Feinstein holds commanding lead over Democratic primary challenger: poll

Feinstein holds commanding lead over Democratic primary challenger: poll
© Camille Fine

Sen. Dianne FeinsteinDianne Emiel FeinsteinProgressives fume as Dems meet with Brett Kavanaugh GOP lawmaker calls on FBI to provide more info on former Feinstein staffer It’s possible to protect national security without jeopardizing the economy MORE (D-Calif.) holds a commanding lead over her progressive primary challenger, state Senate President pro tempore Kevin de León (D), according to a new poll from the Public Policy Institute of California.

The poll found that Feinstein currently leads de León 46 percent to 17 percent among likely voters in the state, while 33 percent of likely voters said they were undecided. 

The poll illustrated de León's uphill battle to unseat Feinstein, who is seeking her fifth term in Congress's upper chamber.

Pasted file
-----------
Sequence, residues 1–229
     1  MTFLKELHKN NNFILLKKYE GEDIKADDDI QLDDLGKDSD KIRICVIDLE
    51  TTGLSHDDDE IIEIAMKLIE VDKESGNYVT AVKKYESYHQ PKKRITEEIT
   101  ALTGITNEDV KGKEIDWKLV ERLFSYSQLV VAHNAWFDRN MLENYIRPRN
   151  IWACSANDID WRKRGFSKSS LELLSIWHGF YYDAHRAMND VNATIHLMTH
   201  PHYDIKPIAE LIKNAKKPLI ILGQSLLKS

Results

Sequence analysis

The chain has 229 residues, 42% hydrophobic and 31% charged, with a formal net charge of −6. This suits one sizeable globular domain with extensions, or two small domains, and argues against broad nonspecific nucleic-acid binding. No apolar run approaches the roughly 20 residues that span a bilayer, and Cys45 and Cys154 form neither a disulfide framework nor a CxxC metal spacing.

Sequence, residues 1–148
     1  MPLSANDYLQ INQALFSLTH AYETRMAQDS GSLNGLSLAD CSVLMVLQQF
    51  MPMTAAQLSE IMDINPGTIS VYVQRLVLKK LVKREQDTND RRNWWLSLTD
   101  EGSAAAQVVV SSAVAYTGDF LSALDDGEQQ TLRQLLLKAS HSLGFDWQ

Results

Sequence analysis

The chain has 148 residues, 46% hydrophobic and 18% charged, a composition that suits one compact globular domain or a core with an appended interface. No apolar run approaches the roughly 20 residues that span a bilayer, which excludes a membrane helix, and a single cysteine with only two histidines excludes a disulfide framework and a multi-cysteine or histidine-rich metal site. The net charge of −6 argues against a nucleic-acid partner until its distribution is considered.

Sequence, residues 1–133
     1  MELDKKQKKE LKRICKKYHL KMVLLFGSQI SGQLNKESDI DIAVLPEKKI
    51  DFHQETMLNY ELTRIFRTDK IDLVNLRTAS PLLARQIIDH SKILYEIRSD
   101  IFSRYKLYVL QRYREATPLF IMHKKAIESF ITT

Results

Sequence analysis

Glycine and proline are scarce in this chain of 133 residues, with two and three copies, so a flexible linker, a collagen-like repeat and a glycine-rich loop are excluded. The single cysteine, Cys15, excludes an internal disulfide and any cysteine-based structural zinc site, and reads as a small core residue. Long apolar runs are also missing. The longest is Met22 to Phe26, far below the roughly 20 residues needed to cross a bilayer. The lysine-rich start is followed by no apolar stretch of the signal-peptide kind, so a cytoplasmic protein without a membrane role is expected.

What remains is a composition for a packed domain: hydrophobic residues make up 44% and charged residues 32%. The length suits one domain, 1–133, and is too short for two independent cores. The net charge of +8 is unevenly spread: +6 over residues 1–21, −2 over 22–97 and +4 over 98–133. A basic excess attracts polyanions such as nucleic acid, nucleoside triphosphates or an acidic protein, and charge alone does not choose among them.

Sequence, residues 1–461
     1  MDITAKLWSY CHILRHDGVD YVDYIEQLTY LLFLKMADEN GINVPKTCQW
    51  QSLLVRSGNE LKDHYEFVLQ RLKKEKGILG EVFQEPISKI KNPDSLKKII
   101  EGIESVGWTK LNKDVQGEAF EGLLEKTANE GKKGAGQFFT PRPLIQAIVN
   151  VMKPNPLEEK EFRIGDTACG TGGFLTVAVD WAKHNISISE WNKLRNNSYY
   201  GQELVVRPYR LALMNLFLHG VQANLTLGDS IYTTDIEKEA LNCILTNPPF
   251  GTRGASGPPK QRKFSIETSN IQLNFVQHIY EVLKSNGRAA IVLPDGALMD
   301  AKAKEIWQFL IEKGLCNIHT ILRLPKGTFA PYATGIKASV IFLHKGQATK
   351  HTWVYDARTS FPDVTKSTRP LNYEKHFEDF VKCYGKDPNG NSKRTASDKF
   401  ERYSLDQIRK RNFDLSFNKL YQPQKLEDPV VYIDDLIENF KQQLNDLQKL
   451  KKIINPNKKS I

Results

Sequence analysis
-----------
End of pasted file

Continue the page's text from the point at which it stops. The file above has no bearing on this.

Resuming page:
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De León, who has presided over a Democratic supermajority in the state Senate, is largely unknown on a national level. 

He has launched a series of attacks on Feinstein from the left, slamming her for voting in favor of 11 of President TrumpDonald John TrumpGillibrand urges opposition to Kavanaugh: Fight for abortion rights 'is now or never' Trump claims tariffs on foreign nations will rescue US steel industry: report Bannon announces pro-Trump movie, operation team ahead of midterms: report MORE's Cabinet nominees and for her support for stronger immigration restrictions. 

However, Feinstein has become a major voice on immigration in recent months. 

She notably asked Trump in a televised meeting last month to support a “clean” bill to reauthorize the Deferred Action for Childhood Arrivals program. 

Immigration is considered to be a hot-button issue in California. 

The Public Policy Institute of California poll was conducted from Jan. 21 to 30 among 1,705 adult residents in California. 

The study's margin of error is 3.2 percentage points for all adult voters and 4.35 percentage points for the 1,042 likely voters.